Court finds that vendors validly terminated contract and can keep deposit

In Alexakis v Wan [2021] NSWSC 367, the NSW Supreme Court found that the purchaser, Mr Theo Alexakis, had breached the contract by not paying the second instalment of the deposit of $91,500 by 4 August 2019.  

The court ruled that the vendors, Mr Chi Wan and Ms Kwan Chan, had validly terminated the contract and were entitled to keep the whole of the $241,500 deposit.  

Mr Alexakis was also required the pay the vendors’ costs of the proceedings.  

Special condition 38 requires payment of second instalment no later than 4 August

The court accepted Mr Wan’s and Ms Chan’s argument that the statutory definitions of “month” and “calendar month” meant that the fourth month after the contract date started at the beginning of 5 July 2019 and finished at the end of 4 August 2019. 

The court also said that it was “unable to discern from the language of the contract, the commercial purposes of the contract, or the surrounding circumstances known to the parties, any intention to give ‘month’ a meaning different from the statutory definition”.  

The court did not think that reasonable business people in the position of the parties would have understood special condition 38 to provide that the second instalment of the deposit was to be paid during the month of August.  

Clause 21.5 of contract does not extend time for payment

Clause 21.5 of the contract provided that if the time for something to be done was a day that was not a business day, then the time was extended to the next business day, except in the case of clause 2. 

By clause 2.3, the time for payment of the second instalment of the deposit was essential. 

Clause 9 gave the vendors a right to terminate for breach of an essential term.  

The court interpreted these clauses to mean that clause 21.5 did not operate to extend the date to pay the second instalment of the deposit to 5 August 2019. Therefore, Mr Wan and Ms Chan were legally entitled to terminate the contract for breach of an essential term.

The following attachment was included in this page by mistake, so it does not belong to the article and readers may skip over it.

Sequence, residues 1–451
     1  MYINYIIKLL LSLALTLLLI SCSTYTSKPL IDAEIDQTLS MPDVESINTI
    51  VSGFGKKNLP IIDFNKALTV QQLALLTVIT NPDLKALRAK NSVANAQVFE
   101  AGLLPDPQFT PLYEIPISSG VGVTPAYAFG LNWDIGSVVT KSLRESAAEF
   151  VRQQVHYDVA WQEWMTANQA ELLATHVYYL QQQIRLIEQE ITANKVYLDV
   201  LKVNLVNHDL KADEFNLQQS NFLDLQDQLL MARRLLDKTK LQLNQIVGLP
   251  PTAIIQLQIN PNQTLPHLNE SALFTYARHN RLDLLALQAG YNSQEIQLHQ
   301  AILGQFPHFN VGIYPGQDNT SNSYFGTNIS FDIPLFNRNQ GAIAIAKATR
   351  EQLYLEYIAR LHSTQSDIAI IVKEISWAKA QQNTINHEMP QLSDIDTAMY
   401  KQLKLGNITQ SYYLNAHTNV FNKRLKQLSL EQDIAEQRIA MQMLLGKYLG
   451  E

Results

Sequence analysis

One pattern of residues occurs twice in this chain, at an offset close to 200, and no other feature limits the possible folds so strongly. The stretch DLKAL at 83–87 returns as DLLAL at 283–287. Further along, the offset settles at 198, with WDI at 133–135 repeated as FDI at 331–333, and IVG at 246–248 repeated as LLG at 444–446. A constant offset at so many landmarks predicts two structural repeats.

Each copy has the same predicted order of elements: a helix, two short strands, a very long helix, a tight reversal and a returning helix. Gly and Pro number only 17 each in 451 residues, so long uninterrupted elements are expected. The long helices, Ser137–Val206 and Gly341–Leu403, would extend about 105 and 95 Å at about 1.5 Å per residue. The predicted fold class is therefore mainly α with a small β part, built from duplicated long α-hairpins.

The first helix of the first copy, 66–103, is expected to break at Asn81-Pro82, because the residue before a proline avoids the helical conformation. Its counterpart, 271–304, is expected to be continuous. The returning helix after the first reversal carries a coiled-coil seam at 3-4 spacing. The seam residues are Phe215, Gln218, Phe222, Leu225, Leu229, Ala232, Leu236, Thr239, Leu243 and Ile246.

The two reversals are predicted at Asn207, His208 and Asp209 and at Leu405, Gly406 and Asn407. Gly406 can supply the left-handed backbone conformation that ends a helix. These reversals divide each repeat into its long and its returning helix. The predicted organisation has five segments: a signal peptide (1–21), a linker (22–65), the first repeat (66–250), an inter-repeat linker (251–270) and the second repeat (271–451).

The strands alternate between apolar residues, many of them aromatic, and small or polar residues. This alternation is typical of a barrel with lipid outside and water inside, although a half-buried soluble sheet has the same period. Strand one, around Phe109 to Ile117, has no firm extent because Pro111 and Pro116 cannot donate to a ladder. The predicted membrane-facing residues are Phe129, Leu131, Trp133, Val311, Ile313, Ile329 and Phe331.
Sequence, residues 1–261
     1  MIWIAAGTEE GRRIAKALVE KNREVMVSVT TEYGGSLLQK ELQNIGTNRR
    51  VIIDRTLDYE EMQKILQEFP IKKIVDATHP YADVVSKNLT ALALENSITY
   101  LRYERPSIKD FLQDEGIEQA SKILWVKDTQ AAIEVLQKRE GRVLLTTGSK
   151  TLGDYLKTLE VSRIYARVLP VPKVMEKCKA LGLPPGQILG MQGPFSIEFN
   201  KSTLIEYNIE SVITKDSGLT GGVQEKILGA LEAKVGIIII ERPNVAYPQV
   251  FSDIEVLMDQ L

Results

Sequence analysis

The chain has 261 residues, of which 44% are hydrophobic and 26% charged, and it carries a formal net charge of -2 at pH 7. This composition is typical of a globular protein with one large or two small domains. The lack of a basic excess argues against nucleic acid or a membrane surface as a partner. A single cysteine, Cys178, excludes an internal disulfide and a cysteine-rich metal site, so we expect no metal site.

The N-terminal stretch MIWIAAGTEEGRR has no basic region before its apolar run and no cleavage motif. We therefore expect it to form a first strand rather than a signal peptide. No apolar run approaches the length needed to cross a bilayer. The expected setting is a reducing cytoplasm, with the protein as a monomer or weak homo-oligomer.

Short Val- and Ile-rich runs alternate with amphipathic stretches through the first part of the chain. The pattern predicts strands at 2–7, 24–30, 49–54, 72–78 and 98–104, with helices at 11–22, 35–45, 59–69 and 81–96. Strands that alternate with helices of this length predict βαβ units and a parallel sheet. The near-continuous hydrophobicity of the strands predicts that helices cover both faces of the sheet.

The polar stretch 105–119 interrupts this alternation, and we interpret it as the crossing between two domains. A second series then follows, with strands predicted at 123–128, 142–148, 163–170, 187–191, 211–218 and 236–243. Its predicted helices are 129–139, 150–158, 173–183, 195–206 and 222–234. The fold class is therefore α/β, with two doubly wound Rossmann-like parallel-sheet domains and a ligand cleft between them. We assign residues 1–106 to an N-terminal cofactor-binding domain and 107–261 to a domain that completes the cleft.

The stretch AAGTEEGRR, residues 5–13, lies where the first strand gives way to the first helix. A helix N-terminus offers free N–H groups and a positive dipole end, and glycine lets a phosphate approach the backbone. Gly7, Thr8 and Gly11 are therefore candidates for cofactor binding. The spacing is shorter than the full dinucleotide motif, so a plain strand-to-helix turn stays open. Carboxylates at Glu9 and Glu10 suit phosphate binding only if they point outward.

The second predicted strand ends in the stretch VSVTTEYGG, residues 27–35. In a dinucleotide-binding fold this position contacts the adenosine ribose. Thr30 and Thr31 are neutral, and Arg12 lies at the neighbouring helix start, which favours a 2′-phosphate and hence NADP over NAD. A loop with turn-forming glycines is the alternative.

Purchaser not entitled to equitable relief

Mr Alexakis argued that if special condition 38 was not construed to make payment due on 31 August, he should nevertheless be granted equitable relief in relation to the vendors’ exercise of their legal right to terminate.  

Mr Alexakis said that his belief that the deposit was due by 31 August was a mistake, based at least in part on the agent’s statement that the vendors were not too concerned about the timing of the second part of the deposit, as long as they ended up receiving a 5% deposit.  

The court rejected Mr Alexakis’s version of events, as well as his argument for equitable relief.  

The court noted that neither Mr Wan, nor Ms Chan, nor their agent had misled Mr Alexakis or caused him to misinterpret the terms of the contract.  

Rather, Mr Alexakis had “acted in a cavalier fashion” in response to the agent’s emails.  

The court also observed that Mr Alexakis had the funds available to make the payment by 4 August, and presumably could have accessed the internet from Athens to make the payment.  

Appeal of decision dismissed

In Alexakis v Wan [2021] NSWCA 172, Mr Alexakis appealed this decision on the basis that the primary judge had erred in concluding that clause 21.5 did not operate to extend the time for payment of the second instalment.  

The appeal was dismissed.  

Always ensure that contractual terms are unambiguous

This case highlights the importance of ensuring that all contractual terms are clearly and unambiguously worded.  

Ultimately, Mr Alexakis lost out on the house and forfeited his $241,500 deposit due to an awkwardly worded clause in the contract.  

It is also important to ensure that you understand all of the crucial terms of a contract and if in doubt, get legal advice. 

If there is any doubt or uncertainty about a term of a contract, ensure that it is clarified in writing by all parties’ solicitors, well before any relevant critical date. If necessary, have the contract varied to resolve any doubt or uncertainty. 

Avoid unnecessary travel during important property transactions

If possible, also avoid travelling overseas or going on holidays in the middle of an important property transaction.  

Remain in contact with your advisers and be in a position to receive advice and communications conveniently and quickly and to give instructions. 

NOTICE: This article is accurate as at the time of publication and does not constitute legal advice. Please see our legal notices page for more information. Information related to coronavirus can be outdated very quickly.